The prime minister used the trilateral AUKUS agreement to play politics with national security by not informing Labor until the very last minute, Opposition Leader Anthony Albanese says.
Top brass in the United States reportedly entrusted the Liberal prime minister to bring the Labor leader into the tent, requiring bipartisan support before proceeding with the decades-long partnership as a key pillar of the agreement, according to Nine newspapers.
Labor was subsequently informed the day before the agreement was made public in mid-September 2021.
Mr Albanese said Scott Morrison had put his personal interest ahead of the national interest by not seeking bipartisanship from Labor ahead of the announcement.
The US expected the Morrison government to brief Labor as a prerequisite to the agreement would be bipartisan support, Mr Albanese told reporters on Monday.
"Even though Labor could not have been more clear, more decisive, or more certain about our support for AUKUS, this prime minister has continued to play politics.
"The US administration, the information is out there, that they expected Labor to be briefed because this is an issue that doesn't go for a year or a term of parliament."
Mr Morrison defended his actions, saying he wasn't going to risk the AUKUS agreement by informing Labor about the negotiations too early.
He also denied the veracity of the report, saying the government "absolutely complied with all of the issues that needed to be addressed in forming that partnership".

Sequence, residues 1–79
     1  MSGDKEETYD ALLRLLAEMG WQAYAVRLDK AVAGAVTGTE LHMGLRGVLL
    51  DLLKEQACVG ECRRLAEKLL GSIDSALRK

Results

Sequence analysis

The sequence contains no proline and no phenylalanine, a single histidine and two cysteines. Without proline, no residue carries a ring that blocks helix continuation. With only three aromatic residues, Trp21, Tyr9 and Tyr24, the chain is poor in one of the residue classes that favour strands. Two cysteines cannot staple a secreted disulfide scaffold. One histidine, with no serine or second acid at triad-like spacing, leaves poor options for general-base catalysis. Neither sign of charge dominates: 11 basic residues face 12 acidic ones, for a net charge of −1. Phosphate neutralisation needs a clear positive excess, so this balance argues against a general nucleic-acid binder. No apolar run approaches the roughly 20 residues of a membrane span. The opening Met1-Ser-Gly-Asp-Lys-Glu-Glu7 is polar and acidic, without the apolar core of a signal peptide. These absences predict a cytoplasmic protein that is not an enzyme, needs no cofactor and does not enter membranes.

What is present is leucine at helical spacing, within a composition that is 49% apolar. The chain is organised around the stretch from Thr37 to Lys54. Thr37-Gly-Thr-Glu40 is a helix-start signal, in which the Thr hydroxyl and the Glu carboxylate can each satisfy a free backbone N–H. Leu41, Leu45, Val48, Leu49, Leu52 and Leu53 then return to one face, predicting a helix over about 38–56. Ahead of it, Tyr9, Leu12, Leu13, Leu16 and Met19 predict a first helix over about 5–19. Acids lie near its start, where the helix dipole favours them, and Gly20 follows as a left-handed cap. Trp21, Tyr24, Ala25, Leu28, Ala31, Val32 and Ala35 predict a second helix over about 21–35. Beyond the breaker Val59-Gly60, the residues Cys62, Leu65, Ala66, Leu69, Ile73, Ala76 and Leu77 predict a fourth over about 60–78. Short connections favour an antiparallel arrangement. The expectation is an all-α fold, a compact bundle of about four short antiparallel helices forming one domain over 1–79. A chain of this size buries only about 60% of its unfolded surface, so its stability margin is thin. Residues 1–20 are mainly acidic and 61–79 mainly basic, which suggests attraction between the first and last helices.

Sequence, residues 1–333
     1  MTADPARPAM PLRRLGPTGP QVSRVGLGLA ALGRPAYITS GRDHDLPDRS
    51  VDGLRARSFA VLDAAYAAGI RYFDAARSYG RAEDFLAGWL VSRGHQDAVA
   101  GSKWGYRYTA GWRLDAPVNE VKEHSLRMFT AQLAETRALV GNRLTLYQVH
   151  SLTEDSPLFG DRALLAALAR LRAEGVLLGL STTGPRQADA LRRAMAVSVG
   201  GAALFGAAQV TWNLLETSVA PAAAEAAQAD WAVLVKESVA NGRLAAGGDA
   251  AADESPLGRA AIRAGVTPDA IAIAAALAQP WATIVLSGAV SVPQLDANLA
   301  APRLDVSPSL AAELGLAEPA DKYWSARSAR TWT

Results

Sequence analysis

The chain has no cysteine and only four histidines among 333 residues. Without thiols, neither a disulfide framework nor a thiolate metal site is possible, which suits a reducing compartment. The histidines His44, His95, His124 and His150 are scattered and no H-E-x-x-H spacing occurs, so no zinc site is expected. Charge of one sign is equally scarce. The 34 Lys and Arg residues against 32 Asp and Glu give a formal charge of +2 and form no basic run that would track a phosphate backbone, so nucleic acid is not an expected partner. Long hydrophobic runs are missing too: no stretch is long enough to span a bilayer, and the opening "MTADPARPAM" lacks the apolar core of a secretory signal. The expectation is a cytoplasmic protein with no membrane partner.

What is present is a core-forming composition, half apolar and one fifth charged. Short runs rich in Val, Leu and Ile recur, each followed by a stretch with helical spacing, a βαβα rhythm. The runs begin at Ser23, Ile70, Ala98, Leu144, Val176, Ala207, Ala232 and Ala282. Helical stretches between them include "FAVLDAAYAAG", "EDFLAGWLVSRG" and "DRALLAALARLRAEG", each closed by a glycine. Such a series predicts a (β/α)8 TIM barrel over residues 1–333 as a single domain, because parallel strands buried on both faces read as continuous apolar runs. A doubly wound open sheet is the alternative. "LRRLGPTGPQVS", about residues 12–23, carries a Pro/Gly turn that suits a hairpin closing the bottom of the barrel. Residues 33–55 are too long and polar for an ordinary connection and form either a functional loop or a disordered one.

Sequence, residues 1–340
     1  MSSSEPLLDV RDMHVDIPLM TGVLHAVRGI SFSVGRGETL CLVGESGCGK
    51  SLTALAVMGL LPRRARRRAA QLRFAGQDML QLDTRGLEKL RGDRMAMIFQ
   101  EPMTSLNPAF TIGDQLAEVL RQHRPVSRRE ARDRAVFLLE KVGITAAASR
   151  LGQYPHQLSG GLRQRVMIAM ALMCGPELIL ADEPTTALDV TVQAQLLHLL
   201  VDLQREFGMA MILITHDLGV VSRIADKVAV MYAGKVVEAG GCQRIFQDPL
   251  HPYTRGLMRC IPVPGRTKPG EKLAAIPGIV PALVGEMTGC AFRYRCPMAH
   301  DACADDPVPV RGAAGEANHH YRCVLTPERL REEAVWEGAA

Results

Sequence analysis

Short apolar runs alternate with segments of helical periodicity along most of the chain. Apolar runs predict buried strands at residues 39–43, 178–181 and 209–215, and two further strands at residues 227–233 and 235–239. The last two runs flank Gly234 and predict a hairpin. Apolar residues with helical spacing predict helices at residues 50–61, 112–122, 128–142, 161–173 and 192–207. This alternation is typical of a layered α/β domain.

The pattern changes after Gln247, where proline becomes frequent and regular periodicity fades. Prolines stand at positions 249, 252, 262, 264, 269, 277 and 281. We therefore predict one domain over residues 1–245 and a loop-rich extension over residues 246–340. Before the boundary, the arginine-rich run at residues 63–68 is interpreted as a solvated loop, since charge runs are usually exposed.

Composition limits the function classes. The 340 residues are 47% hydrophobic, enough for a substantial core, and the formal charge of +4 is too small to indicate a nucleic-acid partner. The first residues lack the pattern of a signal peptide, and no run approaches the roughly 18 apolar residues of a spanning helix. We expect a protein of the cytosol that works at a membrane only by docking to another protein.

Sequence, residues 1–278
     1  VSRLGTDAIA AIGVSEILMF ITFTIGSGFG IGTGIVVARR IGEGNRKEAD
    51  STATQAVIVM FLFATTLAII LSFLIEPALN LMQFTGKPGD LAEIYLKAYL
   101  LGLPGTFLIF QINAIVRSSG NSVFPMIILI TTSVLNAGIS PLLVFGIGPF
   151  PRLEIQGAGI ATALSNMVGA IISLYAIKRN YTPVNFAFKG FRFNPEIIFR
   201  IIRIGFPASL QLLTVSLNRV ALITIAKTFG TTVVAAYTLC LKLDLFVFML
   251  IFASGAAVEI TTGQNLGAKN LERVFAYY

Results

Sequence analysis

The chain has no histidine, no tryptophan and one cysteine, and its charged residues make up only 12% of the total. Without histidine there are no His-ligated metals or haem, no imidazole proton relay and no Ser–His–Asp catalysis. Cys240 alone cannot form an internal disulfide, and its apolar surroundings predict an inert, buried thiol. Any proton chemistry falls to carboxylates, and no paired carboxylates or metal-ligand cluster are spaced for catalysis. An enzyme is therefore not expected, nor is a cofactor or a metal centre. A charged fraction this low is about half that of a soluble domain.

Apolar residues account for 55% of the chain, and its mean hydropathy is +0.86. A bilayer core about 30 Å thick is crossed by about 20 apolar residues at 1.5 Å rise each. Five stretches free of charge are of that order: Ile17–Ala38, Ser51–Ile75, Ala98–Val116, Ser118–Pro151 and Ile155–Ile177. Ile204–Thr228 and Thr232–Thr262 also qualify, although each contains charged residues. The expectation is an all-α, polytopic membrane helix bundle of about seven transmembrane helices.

"We understood absolutely what the requirements were and we met them 100 per cent," the prime minister told reporters on Monday.
"I find it passing strange that you think we wouldn't have maintained the absolute discretion, as we did with so many of our own cabinet."
Mr Morrison said the security pact between Australia, the US and the United Kingdom did receive bipartisan support and lauded himself for being the prime minister to secure the agreement.
"This was a process that, for 18 months, painstakingly working through incredible detail, incredibly sensitive issues, highly confidential. This wasn't something I was going to be loose with," he said.
"AUKUS is a groundbreaking agreement, the most significant defence security agreement Australia has entered into in over 70 years. And I was not going to risk that on the Labor Party."
But Mr Albanese hit back and accused Mr Morrison of breaking the trust of international partners after private text messages between the Australian prime minister and his French counterpart leaked to the media.
"I have national security briefings all the time. What this prime minister always does is put the political interests first before the national interest. It's always about the politics," Mr Albanese said.
"Labor laid the foundations for the US alliance during the Second World War when Australia turned to Labor in its darkest hour. We have been supporters of the US alliance ever since."
The procurement of nuclear-propelled submarines for Australia through AUKUS is the first time the US has agreed to share its nuclear submarine technology since bringing in Britain in 1958.
Mr Morrison said Australians needed to trust the government which had the foresight to put the agreement together in the first place.
"Previous Australian prime ministers and governments have tried and failed. I was not going to fail," he said.
Australian Associated Press
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